With less than two weeks left in 2012, half of people around the world think the global economy will improve in 2013 and many plan to ring in the New Year with family and friends and improve their finances and health, a new survey shows.
Th Ipsos poll released on Tuesday revealed that Indians, Brazilians and Indonesians were the most optimistic that the economy will improve next year, with more than three quarters giving it a thumbs up.
But less than a third of Belgians, Spaniards, French, Poles and Italians were confident the global economy will get better.
"There is a great amount of optimism for the future," said Keren Gottfried, research manager at Ipsos Public Affairs, adding that the number had jumped 8 percent since last year.
And while many still had doubts about the world economy, 80 percent of the 18,500 people questioned in 24 countries for the survey believed 2013 would be a better year for them personally.
"People are excited, without a doubt," Gottfried added. Along with the increased optimism, many people say they will be in the mood to celebrate. About 40 percent will be ushering in the New Year with family and friends, particularly in Sweden, Brazil, South Africa, China and Mexico, where half or more people are having a celebration.
The Japanese are least likely to commemorate the arrival of 2013. Only 13 percent there are planning a party, along with just about a third of residents in Great Britain, Australia, the United States and Russia.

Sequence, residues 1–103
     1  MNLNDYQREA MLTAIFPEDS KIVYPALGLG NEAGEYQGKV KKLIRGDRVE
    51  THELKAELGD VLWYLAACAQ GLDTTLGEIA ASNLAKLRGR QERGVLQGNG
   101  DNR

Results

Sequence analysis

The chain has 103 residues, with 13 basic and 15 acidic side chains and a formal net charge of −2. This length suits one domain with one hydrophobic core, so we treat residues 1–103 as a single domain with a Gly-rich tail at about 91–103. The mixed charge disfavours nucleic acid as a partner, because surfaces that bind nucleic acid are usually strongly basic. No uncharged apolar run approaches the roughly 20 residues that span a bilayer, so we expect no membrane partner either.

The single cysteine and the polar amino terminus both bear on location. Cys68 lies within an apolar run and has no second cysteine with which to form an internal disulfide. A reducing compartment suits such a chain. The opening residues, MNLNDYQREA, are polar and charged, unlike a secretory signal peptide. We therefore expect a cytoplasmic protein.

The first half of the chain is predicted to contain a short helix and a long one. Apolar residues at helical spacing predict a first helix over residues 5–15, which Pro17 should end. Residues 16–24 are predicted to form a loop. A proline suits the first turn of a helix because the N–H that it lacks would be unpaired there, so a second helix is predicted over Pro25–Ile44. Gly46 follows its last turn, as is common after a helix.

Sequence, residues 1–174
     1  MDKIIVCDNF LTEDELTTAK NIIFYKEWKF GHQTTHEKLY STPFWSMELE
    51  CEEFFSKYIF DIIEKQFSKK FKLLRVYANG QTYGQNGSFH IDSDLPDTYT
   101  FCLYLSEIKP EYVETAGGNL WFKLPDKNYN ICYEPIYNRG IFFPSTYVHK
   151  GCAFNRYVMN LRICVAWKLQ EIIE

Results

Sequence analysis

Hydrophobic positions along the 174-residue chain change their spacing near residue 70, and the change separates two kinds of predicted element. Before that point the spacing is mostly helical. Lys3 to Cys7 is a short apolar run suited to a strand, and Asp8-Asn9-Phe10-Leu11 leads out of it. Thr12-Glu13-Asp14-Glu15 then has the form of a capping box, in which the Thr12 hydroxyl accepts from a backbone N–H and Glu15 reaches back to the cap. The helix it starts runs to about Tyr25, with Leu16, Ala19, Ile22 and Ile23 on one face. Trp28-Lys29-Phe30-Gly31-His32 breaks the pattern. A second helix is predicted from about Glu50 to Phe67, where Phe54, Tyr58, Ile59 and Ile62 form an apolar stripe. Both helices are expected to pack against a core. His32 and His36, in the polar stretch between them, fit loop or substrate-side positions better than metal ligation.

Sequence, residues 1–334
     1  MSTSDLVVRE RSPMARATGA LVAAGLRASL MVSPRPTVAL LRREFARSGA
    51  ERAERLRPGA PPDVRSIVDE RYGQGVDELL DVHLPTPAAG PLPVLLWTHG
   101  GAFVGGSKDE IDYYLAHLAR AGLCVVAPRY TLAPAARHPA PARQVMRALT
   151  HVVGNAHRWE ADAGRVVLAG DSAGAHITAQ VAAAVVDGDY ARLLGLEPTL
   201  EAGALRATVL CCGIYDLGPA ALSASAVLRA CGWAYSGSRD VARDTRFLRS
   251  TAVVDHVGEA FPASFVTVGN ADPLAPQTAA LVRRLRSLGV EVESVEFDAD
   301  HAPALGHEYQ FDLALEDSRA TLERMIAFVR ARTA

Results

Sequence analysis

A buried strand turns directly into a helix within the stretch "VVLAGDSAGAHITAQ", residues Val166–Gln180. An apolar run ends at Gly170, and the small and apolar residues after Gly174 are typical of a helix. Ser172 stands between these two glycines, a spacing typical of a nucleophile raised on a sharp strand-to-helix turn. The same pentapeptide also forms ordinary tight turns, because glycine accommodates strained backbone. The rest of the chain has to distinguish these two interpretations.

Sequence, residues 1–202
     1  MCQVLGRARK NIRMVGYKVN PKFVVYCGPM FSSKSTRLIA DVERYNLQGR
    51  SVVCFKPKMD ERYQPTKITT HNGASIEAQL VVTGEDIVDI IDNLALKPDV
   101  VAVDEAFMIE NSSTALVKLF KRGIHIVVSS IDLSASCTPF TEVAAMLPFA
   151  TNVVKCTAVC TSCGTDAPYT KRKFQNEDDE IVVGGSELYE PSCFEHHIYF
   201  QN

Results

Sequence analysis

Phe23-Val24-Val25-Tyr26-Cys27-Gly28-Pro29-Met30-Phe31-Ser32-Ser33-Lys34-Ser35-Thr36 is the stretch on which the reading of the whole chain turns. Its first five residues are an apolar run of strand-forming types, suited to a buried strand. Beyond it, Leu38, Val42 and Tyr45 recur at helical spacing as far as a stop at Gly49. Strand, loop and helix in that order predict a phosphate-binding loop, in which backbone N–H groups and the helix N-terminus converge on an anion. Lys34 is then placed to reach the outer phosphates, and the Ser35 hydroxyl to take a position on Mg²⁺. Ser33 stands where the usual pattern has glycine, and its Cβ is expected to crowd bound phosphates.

Indonesians, Japanese and South Koreans will be having sober celebrations with 10 percent or fewer people planning to have an alcoholic drink on New Year's Eve, compared to 40 percent of Swedes and about 30 percent of Germans, Poles and Belgians.
"Most people are going to ring in the New Year in some way, 9 percent say they are going to sleep through it," said Gottfried. "Everyone else has something to say about the New Year. Folks are going to have a gathering with close friends and family, or they are going to be staying home."
At least one in 10 people plan to celebrate with a drink of Champagne, she added.
Although many people don't keep them, resolutions are a big part of the New Year and 80 percent of people globally plan to do something specific for themselves or others.
The top resolution, by far with 55 percent, is to improve finances, followed by spending more